According to the Department of Energy’s “2008 Wind Technologies Market Report,” Minnkota Power Cooperative in Grand Forks, N.D., leads the nation with the highest percentage of retail sales – 33 percent by the end of the year -- powered by wind. Thanks mostly to a long-term contract with NextEra, the cooperative will have 358 megawatts (MW) of wind energy by the end of 2009. Even without the additional capacity scheduled to come online later this year, at the current level of 25 percent, the cooperative ranks higher in wind penetration than any other electric utility.
Minnkota has a 139.5 MW capacity allocation from the 199.5 MW Langdon Wind Energy Center. As of March 2009, the cooperative also has a 148.5 MW capacity allocation from the 196.5 MW Ashtabula Wind Energy Center. Both projects are joint efforts between Minnkota Power Cooperative, NextEra Energy Resources (formerly FPL Energy) and Otter Tail Power Company. The cooperative will add another 69 MW from the Ashtabula wind farm by the end of this year.
Several factors specific to Minnkota’s location and operation have allowed the cooperative to move aggressively to develop wind resources: good wind in its service area, an adequate existing transmission infrastructure, a willing partner in NextEra, a large baseload coal generation resource and, importantly, a well-established demand response program.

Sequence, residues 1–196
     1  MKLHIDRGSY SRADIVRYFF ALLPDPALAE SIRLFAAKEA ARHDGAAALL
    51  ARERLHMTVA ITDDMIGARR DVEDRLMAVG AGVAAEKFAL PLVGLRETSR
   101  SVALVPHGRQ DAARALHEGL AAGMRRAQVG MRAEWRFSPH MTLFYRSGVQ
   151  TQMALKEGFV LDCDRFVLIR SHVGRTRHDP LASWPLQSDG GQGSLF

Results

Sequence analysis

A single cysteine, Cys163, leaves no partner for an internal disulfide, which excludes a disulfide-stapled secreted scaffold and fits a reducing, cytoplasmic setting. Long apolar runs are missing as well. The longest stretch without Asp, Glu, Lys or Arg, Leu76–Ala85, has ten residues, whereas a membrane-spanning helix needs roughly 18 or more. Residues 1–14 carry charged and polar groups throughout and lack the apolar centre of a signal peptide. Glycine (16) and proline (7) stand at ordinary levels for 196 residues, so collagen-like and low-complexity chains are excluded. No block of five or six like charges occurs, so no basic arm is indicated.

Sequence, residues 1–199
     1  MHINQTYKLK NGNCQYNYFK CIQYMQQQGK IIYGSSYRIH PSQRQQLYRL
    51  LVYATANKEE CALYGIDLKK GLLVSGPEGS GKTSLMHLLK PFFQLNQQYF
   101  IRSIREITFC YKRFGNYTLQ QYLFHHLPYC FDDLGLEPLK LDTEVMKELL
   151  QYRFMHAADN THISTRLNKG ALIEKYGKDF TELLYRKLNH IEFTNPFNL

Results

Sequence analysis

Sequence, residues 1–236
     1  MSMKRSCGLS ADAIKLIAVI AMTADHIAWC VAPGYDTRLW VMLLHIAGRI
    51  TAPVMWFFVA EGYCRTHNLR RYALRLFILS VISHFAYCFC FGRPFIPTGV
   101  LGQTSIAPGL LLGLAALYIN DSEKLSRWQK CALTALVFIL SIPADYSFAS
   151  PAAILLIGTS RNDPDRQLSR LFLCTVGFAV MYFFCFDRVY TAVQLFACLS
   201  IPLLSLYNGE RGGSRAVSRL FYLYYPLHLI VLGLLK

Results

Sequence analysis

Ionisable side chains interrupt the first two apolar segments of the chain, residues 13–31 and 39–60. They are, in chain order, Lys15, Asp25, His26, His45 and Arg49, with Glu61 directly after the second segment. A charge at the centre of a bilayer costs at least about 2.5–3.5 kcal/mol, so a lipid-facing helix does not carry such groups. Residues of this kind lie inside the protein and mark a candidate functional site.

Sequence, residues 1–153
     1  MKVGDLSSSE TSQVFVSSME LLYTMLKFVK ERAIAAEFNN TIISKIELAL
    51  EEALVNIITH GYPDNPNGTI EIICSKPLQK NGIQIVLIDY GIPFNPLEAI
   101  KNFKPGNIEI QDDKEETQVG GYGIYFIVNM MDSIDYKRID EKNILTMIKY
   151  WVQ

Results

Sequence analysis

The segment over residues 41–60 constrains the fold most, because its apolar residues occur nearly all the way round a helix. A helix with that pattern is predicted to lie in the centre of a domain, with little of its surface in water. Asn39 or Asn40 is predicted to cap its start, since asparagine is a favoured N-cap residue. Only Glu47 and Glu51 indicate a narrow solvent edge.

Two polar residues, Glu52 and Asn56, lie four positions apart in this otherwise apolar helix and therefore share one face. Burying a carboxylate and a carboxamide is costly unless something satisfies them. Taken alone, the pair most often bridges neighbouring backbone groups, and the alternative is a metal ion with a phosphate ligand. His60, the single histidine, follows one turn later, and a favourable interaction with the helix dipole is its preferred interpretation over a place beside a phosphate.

Also, according to David Loer, Minnkota president and CEO, the cooperative’s members have shown an interest in wind development.
Wind resources in North Dakota rank first in the nation and the wind at the two sites averages 17 to 18 mph; 30 mph are “not infrequent.” As a result, these North Dakota-based wind farms have demonstrated a capacity factor of between 40 and 42 percent (by comparison, a coal-fired plant has an 85 to 90 percent capacity factor).
“We can’t make this work without baseload generation,” Loer said.
When the turbines generate more than the cooperative needs, the excess generation is sold into MISO.
Located in Barnes County in southeastern North Dakota, the Ashtabula Wind Energy Center will generate more than 700 million kWh (kilowatt hours) annually, equivalent to the average electricity used in more than 36,700 homes per year in the Minnkota service area. Initial operation of the 131 wind turbines at the wind farm began in November 2008.